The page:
Personal Structures: Crossing Borders
Palazzo Mora, Venice
Vernissage 7 – 8 May 2015
Personal Structures runs from:
9 May – 22 November 2015
Michael Cook’s photographic tableau seduces with its aesthetic, and a black and white tone made radiant with a suffusion of barely visible colour. Placed in a luxurious drawing room, these unfolding scenes of beautifully dressed black people in period costume set up a contradiction, a shock within such civilised interiors, with the naked white person amongst them who becomes, variously a lamp, a table, a vase, a stool and an ashtray. Object takes a reversal to depict historic interracial inhumanity once routinely practised – a black person “owned” by a white – and drives home the depravity of carelessly treating people like objects. This is, arguably, Cook’s strongest series yet in a developing oeuvre that has brought him critical acclaim.
The centrepiece of this series is the largest image, Vase. It shows a choreographed arrangement with multiple images of the same beautiful black Lady, elegantly dressed in fashions to suit the period of the house, hair elegantly coiffed. At the back of the room is her Lord, also in ornate period dress, white tights and tails that emphasise his blackness. The “Vase” is central in the room, her nakedness obscured by the large bunch of Australian native flowers she holds aloft. The Australian natives are a neat and witty reversal of the notion of the indigenous and represent the exotic otherness so sought after by explorers of the colonial period. Her ankle is tagged with string and a label reading “VASE”, akin to a price tag for a slave going to auction in the style of advertisements in newspapers from the 1800s. Paintings on the back wall add to the symmetry of the arrangement, and echo the “decorator” status of the naked “Vase”.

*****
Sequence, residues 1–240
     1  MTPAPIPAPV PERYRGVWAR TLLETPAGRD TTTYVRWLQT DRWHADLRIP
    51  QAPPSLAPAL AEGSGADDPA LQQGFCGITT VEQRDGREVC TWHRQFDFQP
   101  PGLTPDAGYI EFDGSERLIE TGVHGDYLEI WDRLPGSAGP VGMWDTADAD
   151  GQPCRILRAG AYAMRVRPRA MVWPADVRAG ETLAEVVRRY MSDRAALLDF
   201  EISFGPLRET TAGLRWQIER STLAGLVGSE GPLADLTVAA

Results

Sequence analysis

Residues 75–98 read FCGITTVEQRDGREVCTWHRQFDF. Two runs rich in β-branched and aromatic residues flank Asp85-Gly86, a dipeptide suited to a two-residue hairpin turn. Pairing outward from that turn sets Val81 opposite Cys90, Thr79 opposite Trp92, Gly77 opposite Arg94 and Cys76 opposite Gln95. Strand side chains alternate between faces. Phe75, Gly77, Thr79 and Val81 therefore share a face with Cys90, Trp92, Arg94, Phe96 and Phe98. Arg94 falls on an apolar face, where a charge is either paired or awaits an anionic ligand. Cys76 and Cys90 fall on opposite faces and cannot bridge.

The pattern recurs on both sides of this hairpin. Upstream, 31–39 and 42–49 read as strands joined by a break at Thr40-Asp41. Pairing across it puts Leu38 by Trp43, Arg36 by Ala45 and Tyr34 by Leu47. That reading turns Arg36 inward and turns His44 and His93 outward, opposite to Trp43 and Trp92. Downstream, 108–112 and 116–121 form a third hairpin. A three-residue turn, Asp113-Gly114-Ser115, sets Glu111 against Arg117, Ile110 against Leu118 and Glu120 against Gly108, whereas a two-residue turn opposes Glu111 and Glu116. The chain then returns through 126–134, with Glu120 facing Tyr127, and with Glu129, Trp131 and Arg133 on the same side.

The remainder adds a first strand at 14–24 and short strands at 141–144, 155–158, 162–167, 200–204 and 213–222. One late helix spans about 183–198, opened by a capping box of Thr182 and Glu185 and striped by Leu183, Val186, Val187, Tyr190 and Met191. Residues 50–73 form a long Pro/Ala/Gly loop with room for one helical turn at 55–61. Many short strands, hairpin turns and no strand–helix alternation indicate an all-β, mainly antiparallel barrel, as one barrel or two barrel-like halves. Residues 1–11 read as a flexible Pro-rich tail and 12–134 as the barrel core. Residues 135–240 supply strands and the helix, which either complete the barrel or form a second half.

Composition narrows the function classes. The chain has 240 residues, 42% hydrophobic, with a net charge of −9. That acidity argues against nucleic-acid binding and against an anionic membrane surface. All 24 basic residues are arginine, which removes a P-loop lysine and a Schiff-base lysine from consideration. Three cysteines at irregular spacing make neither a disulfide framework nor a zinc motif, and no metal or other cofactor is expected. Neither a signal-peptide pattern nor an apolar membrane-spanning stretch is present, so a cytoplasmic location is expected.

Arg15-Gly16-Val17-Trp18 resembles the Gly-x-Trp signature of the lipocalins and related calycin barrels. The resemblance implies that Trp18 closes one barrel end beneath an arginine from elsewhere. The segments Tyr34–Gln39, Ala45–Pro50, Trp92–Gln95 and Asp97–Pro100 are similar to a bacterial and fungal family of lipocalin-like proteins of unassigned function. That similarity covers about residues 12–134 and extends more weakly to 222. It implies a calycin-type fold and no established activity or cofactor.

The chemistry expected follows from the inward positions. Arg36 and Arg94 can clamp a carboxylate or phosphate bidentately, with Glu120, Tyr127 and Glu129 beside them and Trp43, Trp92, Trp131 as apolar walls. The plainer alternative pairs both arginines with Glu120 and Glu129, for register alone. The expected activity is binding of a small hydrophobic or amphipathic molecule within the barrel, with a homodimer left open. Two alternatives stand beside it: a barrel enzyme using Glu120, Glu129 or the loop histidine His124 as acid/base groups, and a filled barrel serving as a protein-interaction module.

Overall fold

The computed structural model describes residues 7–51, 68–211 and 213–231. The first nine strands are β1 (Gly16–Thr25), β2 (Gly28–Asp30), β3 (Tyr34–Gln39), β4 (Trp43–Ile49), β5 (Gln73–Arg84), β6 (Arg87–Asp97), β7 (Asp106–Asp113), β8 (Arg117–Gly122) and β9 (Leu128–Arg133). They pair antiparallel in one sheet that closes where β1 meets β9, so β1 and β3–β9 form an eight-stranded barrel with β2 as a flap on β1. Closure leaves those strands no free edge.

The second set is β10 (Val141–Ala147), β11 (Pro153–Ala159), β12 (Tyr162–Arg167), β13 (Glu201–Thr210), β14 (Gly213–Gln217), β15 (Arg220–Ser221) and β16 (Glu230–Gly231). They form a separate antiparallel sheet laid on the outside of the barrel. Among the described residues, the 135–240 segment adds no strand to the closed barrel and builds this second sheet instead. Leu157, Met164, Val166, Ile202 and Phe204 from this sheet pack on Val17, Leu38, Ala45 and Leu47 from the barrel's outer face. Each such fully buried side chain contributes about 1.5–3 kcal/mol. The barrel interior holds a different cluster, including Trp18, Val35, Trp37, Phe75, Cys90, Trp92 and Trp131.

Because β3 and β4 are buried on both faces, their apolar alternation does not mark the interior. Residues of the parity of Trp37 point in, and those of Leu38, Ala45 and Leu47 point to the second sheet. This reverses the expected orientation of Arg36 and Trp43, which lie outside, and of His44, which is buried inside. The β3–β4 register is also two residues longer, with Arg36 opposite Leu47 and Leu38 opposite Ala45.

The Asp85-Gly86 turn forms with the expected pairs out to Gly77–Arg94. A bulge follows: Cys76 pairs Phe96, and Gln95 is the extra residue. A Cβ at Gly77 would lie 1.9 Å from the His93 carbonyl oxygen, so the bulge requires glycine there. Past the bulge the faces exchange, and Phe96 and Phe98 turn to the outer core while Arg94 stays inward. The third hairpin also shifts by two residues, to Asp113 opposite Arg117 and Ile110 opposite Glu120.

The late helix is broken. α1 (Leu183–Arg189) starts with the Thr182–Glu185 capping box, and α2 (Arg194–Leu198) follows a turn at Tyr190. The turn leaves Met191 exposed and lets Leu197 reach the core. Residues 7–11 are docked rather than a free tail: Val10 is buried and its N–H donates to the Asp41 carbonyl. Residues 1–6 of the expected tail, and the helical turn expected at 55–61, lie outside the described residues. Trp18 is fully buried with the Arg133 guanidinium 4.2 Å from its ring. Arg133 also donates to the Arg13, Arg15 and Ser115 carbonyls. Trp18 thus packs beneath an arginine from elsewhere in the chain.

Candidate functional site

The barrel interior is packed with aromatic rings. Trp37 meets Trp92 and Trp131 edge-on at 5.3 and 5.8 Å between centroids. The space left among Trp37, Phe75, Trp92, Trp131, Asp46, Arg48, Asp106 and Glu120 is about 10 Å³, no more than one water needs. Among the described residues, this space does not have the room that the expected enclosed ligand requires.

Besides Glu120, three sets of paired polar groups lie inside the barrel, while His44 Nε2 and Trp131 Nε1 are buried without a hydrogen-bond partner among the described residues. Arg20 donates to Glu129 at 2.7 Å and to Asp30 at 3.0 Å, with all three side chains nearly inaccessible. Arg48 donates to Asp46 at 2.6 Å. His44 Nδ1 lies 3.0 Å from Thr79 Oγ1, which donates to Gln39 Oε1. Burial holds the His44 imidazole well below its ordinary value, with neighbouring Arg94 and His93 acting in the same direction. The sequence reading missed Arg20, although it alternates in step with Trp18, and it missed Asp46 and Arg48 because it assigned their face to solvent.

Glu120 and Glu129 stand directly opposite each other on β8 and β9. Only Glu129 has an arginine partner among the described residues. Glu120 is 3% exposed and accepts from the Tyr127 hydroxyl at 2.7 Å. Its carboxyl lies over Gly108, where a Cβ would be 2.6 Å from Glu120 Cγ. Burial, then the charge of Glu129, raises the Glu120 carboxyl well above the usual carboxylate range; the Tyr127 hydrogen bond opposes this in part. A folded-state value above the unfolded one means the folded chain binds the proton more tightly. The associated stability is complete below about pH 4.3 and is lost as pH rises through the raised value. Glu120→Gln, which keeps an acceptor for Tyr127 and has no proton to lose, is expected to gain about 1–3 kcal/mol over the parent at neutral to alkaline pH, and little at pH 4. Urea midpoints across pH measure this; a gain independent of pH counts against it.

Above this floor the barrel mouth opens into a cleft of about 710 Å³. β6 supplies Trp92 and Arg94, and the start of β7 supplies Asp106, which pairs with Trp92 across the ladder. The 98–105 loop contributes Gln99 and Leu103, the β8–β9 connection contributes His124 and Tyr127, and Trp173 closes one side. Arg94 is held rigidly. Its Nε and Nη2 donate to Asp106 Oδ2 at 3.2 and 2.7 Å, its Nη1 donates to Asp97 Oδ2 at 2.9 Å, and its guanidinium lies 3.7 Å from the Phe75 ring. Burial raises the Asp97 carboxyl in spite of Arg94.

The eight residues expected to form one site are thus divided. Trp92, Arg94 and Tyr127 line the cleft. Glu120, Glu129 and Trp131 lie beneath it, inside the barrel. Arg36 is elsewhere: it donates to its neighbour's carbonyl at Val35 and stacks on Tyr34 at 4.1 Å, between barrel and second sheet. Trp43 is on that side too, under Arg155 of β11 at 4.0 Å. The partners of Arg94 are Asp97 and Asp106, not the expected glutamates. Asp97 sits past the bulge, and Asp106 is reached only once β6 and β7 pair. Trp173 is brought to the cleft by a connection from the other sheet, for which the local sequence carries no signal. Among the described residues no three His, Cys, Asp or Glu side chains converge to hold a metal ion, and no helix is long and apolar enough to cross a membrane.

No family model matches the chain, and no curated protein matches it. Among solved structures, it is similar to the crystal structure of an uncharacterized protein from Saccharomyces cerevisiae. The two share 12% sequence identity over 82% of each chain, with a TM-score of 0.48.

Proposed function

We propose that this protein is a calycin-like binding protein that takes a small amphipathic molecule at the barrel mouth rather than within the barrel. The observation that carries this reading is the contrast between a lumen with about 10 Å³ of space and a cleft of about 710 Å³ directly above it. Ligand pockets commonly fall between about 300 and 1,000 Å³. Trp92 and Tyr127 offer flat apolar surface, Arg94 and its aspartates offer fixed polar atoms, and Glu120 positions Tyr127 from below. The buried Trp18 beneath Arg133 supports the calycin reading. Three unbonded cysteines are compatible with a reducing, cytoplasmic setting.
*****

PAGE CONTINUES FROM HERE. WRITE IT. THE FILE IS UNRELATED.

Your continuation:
This tableau moves across the images, unfolding languidly reflecting the leisurely indolence and boredom of the lives depicted here. It opens in the Lady’s dressing room, with a “Lamp” standing in front of a photographic portrait of a young African slave named Sarah Forbes Bonetta, who was gifted to Queen Victoria in about 1850. Her eye meets the viewer intelligently, yet her inclusion notes the objectification – her person gifted and passed parcel-like from country to country. The dog sits on the footstool wearing an ornate collar, reinforcing its pampered status and the owner’s largesse and charity – to animals. In Table the back wall features a painting of Dido Elizabeth Belle (1761-1804), whose story was fictionalised in the movie Belle (2014). Born to a slave mother in the West Indies, her father was English naval officer Captain John Lindsay, who took her to his uncle, Lord William Murray, Earl of Mansfield, within whose household she was raised as an equal with another niece, Elizabeth Murray. In the painting, attributed to Johann Zoffany, c.1778, they stand together, in clothing that denotes their equal status, Elizabeth reaching affectionately for Dido. The recreation of this portrait on the back wall refers to the influence of Lord Mansfield who, as Lord Chief Justice, handed down a judgement which led to the ultimate outlawing of slavery in the United Kingdom in 1772.
The dynamic across the series of images is filmic. The Lady moves between images two and three, the man exits Vase and is seen in his drawing room in Stool. Relaxing with his dog on the couch, he rests his stockinged legs casually on a naked woman who kneels on the floor in front of him. On the back wall is a painting of Christ on the cross, which makes a point of the disjunction between the ethics and the practice of Christianity and, on the left, is a portrait of King George IV, who was king when Captain Cook embarked for Australia. Ashtray, too, sees the lord of the manor posing with his cigar above the naked ashtray and averting his eyes – from her and the viewer alike. The woman’s head is thrown back, echoing the agony of Christ in Michelangelo’s Pieta (St Peter’s, 1498-99), and the dog echoes the indifference of its master, sniffing at her feet. These images are demeaning, the naked presentation of the human “objects” denoting an associated “uncivilised” status. Their depiction, within an historic setting, allows an ethical distance for their audience, yet in their objectification of race they note the ongoing discriminatory issues that plague humanity the world over.
– Louise Martin-Chew